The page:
If you’re a regular at recruiting websites, a few trends have become apparent in recent years.
There’s been a sudden surplus of 6’5'', 250-pound 17-year-olds capable of running a 4.5 in the 40-yard dash. The athleticism—especially near the pinnacle of these rankings—is consistently astounding but almost assumed at this point. Physical freaks are no longer a rarity, but we still marvel at their presence.
And while size and speed are at a premium with both defensive and offensive linemen now consuming most of the elite prospect levels, the blue-chip quarterback has seemingly disappeared. They exist, although not like they once did.
In the recruiting world, the most important position isn’t grabbing the 5-star, “can’t miss” headliners. In fact, despite being the position fans flock toward and schools market around, the same one which has come home with the Heisman in 11 of the past 12 years, scouting of the quarterback still remains an inexact science.
Recruiting and evaluating this position remains a struggle, same as it ever was. And with a new offensive era now pushing the way the game is played, the blue-chip quarterback has become endangered.
Blue-Chippers By the Numbers
Former USC quarterback Matt Barkley is most recently known for being the No. 1 pick in the fourth round of the 2013 NFL Draft—after a well-documented tumble—but he was a more notable No. 1 in 2009.
Barkley was the No. 1 high school player according to 247Sports’ Composite Ranking, a magnificent tool that takes into account all the major recruiting outlets’ rankings. Since Barkley, however, there hasn’t been a quarterback rated No. 1 in any class. Taking it one step further, a QB hasn’t cracked the top 10 of the final composite rankings.
In recent years, scouting has improved immensely thanks in large part to a significant increase in staff and allocated resources. Yet, as scouting has boomed as an industry, the quarterbacks have taken a backseat to other positions: not necessarily in terms of need—which will never change—but rather presence near the top of the rankings.
In the past four recruiting classes, there have been seven “blue-chip” quarterbacks in the top 50 overall. By comparison, there were seven QBs in the top 50 in 2004 alone.
The trend is clear, especially when compared to an ascending position like defensive end. Whether this trend proves to be a blip on the radar or something more will be seen soon enough, but the change is real.
Is QB Play Changing, or are We?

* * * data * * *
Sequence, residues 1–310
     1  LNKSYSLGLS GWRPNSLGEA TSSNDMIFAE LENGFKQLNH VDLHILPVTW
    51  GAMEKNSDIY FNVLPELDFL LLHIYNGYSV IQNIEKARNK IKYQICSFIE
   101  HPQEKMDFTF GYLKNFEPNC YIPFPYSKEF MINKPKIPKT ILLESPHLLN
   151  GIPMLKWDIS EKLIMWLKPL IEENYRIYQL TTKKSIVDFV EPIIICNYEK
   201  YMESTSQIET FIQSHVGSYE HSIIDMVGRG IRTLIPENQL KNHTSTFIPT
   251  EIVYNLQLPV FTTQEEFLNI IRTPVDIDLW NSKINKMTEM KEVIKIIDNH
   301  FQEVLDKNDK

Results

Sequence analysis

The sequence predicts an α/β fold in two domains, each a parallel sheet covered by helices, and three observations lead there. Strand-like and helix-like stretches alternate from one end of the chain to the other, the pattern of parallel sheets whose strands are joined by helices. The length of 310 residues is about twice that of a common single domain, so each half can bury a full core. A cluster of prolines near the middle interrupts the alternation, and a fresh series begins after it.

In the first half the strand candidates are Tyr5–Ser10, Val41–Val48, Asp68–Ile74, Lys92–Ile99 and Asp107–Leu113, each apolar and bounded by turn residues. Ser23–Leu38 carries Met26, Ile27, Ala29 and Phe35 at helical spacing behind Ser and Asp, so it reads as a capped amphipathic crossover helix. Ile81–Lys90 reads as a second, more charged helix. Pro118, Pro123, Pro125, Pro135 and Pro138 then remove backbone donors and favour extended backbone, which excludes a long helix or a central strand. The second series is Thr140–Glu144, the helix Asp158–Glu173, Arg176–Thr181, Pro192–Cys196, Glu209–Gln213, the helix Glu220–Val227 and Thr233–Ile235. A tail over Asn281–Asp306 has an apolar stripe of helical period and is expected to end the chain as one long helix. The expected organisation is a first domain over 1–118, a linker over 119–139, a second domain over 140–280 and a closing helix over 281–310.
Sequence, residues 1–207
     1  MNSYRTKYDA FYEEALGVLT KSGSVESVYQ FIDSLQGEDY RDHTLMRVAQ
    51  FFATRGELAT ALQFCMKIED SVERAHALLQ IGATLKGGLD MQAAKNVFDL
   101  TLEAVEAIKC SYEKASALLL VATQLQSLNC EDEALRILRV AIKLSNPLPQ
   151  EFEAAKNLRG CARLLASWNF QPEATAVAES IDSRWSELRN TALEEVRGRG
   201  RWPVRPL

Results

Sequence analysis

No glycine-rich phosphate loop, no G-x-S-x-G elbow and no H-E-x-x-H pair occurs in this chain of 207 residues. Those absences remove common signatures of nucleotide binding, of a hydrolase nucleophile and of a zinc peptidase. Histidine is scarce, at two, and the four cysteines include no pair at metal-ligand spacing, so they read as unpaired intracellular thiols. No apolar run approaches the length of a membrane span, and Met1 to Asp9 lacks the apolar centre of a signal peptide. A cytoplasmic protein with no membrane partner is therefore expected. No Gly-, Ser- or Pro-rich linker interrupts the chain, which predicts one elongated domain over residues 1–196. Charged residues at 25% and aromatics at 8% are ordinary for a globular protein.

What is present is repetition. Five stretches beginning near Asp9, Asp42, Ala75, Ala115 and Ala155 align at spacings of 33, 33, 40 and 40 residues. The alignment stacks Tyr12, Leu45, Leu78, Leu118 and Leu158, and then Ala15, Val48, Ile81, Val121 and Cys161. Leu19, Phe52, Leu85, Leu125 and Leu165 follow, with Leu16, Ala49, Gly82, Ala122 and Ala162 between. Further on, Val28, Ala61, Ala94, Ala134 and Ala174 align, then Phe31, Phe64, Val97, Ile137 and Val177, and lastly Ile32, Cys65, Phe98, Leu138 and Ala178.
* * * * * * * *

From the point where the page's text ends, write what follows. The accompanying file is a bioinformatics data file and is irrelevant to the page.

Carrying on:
To understand the current state of the blue-chip QB, one must first understand where this label comes from. For recruiting sites like 247Sports, ranking prospects boils down to both positional value and development.
If a 5-star player is a high pick in the NFL draft, even if he turns out to be an average NFL player, the scouts succeeded in their evaluation. This is more or less the development lifespan for a recruit, despite the possibility of incredible boom or bust at the next level.
“Our philosophy is a long-term projection,” said JC Shurburtt, a National College Football Recruiting Analyst at 247Sports. “Our point where we can say if a guy was a good or bad call is the NFL draft. We’re not projecting Pro Bowlers.”
Shurbutt has been in the recruiting industry for more than a decade, and he’s followed closely for much longer. In this time, the scouting process (and coverage) has changed drastically. The basic fundamentals have remained constant, but it’s grown at an exponential rate as the interest has increased and coverage has expanded. While the scouting has improved, one constant has remained.
Projecting quarterbacks is still incredibly difficult.
“The quarterback, next to offensive line, is the toughest to project,” Shurbutt said. “And lately there’s been a lot of bad QB play.”
In terms of importance and position value, nothing rivals that of the quarterback. Stability and skill at the position can turn a bad team into a good team and a good team into a juggernaut. That’s Football 101.
Yet, in a time when the NFL is absolutely jam-packed with talented, young QBs, the stream of talent at the high school level isn't setting the recruiting world on fire.